Authorities in Turkey budgeted for 2014 on an estimated average Brent oil price of $103.2 per barrel, while energy imports for the year were expected to reach $61b and the current account deficit stood at $55.5b. However, on June 19 the Brent oil price reached $114.59, and political instability in Iraq, Syria and Ukraine could see higher prices squeezing the domestic economy.
Yet strong fundamentals have provided a solid foundation for key sectors of Turkey’s economy. Industrial production rose during the first quarter, with average growth reaching 5.3% year-on-year (y-o-y), up from 4.4% in Q4 2013.
Turkey’s economic resilience has also helped the country garner newfound investor confidence. Lockheed Martin, for example, recently announced plans to manufacture, assemble and repair F-35 fighters at a new plant in Izmir. A factory marking the first phase of the project, which was completed in June at a cost of around $75m, is expected to provide up to 700 jobs.
June also saw the State Oil Company of Azerbaijan (SOCAR) sign loan agreements with Turkey worth approximately $3.29b. Some of the funds will be used to build a new oil refinery, which will produce naphtha and ultra-low sulfur diesel fuel. The plant is expected to be operational by 2018.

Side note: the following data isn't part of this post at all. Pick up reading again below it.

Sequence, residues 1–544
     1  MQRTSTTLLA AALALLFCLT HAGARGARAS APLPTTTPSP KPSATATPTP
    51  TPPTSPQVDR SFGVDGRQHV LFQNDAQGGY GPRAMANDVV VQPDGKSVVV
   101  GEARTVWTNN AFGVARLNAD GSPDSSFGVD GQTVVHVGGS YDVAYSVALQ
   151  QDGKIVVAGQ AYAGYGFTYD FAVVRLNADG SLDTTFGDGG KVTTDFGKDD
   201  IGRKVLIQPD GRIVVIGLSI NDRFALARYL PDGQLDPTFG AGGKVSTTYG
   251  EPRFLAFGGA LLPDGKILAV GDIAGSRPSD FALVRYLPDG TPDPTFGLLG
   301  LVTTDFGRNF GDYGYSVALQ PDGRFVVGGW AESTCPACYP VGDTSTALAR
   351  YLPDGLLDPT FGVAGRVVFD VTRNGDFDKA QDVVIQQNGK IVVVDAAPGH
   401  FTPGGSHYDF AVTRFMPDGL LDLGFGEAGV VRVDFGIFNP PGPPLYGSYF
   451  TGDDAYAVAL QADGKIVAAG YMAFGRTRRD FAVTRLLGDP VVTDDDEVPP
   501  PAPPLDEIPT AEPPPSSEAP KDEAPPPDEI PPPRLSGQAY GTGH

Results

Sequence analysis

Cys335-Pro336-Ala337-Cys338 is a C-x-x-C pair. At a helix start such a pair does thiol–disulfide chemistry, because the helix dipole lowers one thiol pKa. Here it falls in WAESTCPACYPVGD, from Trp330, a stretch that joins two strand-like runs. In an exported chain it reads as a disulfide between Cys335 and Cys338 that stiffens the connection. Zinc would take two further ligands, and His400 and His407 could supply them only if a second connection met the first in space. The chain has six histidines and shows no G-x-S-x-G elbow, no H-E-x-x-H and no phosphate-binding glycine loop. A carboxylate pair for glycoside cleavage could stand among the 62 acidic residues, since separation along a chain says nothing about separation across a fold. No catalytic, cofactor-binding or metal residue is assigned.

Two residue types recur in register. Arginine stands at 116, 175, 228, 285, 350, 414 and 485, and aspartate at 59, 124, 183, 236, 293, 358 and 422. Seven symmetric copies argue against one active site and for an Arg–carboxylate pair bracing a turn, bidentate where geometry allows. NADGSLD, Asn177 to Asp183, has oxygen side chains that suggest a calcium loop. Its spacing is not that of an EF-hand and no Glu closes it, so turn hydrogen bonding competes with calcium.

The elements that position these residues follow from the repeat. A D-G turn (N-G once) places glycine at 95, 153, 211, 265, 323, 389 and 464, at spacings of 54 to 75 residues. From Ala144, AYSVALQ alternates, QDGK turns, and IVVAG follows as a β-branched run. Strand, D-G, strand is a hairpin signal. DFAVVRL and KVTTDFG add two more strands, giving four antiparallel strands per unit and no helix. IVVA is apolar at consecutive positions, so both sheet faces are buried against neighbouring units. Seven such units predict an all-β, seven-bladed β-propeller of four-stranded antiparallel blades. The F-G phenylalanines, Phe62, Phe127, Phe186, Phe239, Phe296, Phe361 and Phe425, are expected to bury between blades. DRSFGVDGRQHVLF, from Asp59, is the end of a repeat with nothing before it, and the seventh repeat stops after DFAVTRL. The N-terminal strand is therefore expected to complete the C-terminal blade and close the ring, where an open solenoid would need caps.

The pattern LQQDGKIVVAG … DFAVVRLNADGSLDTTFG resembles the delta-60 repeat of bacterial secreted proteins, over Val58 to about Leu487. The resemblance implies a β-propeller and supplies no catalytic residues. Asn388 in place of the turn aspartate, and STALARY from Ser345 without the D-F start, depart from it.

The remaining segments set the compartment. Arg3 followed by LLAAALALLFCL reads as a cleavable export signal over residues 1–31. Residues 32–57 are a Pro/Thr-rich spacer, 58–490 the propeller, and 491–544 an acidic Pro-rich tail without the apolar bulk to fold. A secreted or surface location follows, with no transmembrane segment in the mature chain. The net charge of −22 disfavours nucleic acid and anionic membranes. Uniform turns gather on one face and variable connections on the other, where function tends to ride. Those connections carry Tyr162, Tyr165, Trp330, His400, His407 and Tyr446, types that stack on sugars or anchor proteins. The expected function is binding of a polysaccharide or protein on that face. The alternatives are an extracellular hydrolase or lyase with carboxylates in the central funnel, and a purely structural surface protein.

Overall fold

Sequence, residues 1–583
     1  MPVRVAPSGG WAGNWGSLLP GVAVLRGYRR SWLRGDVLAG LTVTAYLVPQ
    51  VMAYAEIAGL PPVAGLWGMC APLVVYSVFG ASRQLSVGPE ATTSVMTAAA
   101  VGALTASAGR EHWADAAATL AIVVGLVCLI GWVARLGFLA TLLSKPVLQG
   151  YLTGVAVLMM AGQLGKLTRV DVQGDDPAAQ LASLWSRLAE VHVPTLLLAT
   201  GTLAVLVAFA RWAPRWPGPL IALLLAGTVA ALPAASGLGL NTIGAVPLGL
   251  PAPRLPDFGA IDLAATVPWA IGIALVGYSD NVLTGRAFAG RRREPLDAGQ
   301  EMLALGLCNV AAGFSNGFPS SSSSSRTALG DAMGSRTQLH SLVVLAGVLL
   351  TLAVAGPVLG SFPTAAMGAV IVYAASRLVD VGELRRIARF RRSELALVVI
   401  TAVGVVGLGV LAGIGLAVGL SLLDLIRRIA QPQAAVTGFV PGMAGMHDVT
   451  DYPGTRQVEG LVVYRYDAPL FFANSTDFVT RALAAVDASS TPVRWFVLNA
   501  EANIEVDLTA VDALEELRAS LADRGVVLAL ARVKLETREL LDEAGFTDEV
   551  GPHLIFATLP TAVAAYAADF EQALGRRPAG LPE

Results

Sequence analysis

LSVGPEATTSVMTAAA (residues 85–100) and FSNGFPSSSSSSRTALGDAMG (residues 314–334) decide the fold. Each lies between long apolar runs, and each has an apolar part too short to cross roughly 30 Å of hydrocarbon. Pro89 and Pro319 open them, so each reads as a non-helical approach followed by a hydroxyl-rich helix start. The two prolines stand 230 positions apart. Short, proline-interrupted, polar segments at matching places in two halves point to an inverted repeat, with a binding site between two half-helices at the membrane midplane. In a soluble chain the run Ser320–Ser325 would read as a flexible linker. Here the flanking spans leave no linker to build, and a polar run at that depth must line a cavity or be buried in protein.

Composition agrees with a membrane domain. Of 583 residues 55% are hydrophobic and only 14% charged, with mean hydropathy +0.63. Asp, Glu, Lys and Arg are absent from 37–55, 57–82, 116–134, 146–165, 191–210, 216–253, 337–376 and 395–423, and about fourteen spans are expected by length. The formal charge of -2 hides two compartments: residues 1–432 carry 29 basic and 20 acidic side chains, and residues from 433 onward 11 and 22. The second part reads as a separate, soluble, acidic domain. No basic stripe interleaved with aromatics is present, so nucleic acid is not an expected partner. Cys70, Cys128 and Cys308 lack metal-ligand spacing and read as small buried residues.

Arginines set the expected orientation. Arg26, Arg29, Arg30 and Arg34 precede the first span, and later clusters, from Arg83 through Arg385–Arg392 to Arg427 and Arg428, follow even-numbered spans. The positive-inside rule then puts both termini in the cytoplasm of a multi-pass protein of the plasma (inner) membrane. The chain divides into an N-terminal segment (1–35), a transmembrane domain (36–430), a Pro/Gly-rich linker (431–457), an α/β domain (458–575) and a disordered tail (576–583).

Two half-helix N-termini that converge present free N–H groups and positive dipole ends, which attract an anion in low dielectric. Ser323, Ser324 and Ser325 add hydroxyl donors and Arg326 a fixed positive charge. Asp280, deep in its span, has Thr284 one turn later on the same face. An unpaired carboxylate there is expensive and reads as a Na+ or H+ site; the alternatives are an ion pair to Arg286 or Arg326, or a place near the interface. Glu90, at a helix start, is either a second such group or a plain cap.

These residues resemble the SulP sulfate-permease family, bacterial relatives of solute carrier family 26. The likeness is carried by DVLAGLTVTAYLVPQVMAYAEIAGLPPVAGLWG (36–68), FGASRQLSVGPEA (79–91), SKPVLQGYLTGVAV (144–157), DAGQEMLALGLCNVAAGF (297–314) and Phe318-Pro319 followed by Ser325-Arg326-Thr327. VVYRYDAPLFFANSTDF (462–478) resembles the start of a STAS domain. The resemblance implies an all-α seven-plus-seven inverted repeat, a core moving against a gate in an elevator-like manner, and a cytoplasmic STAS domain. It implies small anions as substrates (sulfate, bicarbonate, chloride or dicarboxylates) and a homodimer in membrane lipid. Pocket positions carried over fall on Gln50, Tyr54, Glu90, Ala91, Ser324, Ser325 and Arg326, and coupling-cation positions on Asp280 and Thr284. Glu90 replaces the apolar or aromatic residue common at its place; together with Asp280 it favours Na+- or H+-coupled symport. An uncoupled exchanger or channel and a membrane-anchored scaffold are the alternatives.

The introduction of locally refined products to the market could play a key part in reducing the nation’s current account deficit – widely recognized as the structural problem of Turkey’s economy – as long as supplies of crude remain stable. The current account deficit had edged downwards to 7.4% of GDP in the first quarter of 2014 from 7.9% in the previous quarter, while domestic savings rose from 12.2% to 12.4%.
External shocks are expected to remain a cause for concern in Turkey. However, structural gains should prevent global and regional risks from dragging down full-year growth or evolving into defining features of the country’s economy. (OBG 25.07)
Moody's Investor Services (http://www.moodys.com) raised Greece's sovereign credit rating on 1 August and gave it a stable outlook, saying it believed the government's fiscal position had improved significantly. The positive comments boost expectations that Greece's government may tap bond markets again this year after two sales in April and July following a four-year exclusion since it was bailed out by the European Union and the International Monetary Fund.